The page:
- Written by Br. Patrick Nuanah
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I choose to call this article "Faith Rising from Rome" because that is what it is. It is my pleasure to share this experience because it was wonderful and a once in a life-time experience. I would never have thought of being in Rome anytime soon, of visiting the Vatican, not to mention seeing the most famous and adorable Pope Francis, the man for our times. Even the very circumstances surrounding my invitation to this Multi-faith Convergence of emerging leaders, and my eventual successful visa acquisition, turned out to be an unbelievable blessing. I still find it hard to believe the Italian Consulate in New York granted my visa in such short notice! But somehow I knew God was with me and had appointed angels to assist me in every step of the way to Rome and back.
What happened in Rome from the 28th June, was organized by the U.S. based GreenFaith, under its executive director, Rev. Fletcher Harper, an Episcopal Priest and Activist for environmental concerns. GreenFaith invited to Rome over one hundred young emerging multi-faith leaders across the globe that care about climate change and the environment. The move was greatly inspired by Pope Francis’ leadership around climate change and his care for the poor and vulnerable. His encyclical “Laudato Si” was released shortly before we got to Rome and on Sunday, June 28th we began a mile and a half match to St. Peter’s Square to add our voice in support for climate action now.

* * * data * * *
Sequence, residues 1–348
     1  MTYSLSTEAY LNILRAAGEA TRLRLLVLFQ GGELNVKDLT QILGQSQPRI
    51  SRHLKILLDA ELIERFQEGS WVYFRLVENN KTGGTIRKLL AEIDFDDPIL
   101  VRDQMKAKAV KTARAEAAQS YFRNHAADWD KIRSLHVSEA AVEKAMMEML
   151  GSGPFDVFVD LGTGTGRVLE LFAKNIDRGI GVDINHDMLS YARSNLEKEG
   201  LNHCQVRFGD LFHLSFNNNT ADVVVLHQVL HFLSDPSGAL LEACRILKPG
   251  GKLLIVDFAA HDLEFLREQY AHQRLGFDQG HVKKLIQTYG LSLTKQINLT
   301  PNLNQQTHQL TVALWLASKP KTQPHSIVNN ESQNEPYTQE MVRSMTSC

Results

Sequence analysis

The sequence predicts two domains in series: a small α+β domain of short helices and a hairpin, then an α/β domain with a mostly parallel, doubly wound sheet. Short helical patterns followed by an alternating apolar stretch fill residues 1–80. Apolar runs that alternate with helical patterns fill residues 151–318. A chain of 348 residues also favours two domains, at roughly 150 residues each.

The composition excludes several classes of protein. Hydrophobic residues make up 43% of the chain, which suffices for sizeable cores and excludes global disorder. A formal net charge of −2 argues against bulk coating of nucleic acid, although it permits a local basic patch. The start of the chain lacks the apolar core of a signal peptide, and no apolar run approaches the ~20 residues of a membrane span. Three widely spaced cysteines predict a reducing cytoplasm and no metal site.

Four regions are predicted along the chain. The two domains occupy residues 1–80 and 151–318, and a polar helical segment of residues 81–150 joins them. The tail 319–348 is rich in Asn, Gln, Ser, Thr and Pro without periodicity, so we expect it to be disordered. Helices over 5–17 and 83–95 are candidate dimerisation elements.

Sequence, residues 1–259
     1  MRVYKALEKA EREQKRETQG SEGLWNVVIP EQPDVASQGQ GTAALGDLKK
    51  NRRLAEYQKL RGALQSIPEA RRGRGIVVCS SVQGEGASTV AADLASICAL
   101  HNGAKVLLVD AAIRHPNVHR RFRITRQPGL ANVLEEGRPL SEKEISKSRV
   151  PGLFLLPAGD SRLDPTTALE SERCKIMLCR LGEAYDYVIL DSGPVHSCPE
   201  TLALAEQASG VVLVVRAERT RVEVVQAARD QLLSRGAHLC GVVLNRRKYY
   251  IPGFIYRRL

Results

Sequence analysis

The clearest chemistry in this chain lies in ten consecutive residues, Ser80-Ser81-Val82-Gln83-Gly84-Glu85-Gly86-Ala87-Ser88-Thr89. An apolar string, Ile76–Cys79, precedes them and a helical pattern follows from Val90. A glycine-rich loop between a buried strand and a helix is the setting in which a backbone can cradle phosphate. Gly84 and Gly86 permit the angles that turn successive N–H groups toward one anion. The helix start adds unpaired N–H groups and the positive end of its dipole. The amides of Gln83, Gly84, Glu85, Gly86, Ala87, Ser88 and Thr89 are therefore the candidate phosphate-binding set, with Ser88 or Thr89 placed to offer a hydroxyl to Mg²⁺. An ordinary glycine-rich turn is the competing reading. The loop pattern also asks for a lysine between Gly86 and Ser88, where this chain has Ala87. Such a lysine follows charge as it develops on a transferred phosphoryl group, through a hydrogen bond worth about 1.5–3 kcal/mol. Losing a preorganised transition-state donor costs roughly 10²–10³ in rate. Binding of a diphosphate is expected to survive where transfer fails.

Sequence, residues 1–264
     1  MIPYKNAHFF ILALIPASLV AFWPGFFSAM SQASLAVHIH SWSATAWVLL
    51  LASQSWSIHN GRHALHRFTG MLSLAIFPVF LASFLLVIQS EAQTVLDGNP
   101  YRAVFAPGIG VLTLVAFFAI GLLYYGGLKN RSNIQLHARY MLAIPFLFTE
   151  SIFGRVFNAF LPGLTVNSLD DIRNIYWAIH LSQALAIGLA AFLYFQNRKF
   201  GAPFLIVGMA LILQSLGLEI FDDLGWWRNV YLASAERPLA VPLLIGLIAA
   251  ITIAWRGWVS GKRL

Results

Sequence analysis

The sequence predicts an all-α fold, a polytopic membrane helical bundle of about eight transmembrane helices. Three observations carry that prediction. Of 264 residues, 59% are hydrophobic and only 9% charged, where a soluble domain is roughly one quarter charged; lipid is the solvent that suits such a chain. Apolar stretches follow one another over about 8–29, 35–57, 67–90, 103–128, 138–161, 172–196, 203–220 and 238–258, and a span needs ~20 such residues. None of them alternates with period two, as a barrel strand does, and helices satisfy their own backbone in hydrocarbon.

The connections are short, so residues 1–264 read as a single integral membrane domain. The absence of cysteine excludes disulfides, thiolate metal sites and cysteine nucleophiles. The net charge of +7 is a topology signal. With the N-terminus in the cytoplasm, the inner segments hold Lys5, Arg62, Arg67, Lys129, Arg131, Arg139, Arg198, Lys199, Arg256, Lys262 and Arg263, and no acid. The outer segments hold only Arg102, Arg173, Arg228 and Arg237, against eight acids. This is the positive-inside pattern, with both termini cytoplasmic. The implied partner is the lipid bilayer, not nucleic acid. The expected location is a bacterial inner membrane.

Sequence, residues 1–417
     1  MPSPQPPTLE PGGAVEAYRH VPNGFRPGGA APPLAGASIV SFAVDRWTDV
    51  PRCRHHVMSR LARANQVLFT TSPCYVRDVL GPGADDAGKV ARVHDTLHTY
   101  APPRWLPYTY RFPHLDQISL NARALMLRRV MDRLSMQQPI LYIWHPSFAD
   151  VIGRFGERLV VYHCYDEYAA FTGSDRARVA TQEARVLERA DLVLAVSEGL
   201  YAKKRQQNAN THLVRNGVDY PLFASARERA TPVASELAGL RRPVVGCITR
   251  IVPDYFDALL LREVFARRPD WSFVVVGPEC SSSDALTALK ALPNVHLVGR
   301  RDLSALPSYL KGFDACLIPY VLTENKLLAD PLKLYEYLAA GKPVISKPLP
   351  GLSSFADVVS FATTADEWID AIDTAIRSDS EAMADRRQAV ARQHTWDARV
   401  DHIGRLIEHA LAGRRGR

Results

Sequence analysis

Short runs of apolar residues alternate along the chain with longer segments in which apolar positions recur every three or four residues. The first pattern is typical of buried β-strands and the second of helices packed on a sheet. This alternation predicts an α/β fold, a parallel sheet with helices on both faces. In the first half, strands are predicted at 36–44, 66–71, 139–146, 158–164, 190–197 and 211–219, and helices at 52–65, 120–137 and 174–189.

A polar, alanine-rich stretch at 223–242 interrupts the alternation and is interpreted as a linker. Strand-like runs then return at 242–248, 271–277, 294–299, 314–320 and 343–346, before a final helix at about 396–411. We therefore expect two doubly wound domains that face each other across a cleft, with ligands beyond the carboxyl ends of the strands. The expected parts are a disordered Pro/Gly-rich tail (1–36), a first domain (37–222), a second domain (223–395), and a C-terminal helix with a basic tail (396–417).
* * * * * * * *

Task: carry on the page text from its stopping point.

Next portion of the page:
We were joined by GreenFaith group members Br. Patrick Nuanah from Ghana & Kiran Bali, a Hindu woman from the U.K., with CLT members Brs. John Casey, Hugh O’Neill & Richard Walsh in St. Peter’s Square at the June 28 climate match. thousands of others by the time we got to St. Peter’s Square where, in addition to thanking Pope Francis for his encyclical, we wanted to use this march to urge world leaders to consider climate change when they meet in Paris this December.
The need for climate action, change of heart and lifestyle is imperative. For me, this great convergence shows how powerful our voices can be. Pope Francis was overwhelmed at the first sight of our presence in the Vatican, seeing thousands of people holding green leaves in St Peter square when he appeared through the window for the usual Sunday Angelus. We had prepared these “green leaves” made from paper and distributed them to waiting pilgrims in the Square. One additional role the ‘green leaves’ played, apart from using them to wave in support of our match, was people also using them as shade to cover their heads from the sun. The leaves made the whole place green, so impressive that the Pope spent an appreciable time thanking us for our presence.
Following the march to St. Peter’s Square, the rest of the days in Rome were workshop sessions. There we had the opportunity to share our own lived experiences and the impact of climate change is having on various countries. The diversity of the group was a means of support and gave us courage. We shared our sacred stories and felt we were not alone. It was clear in the sharing that the most vulnerable and worst affected people are the poor, developing countries, small Islands and coastal areas.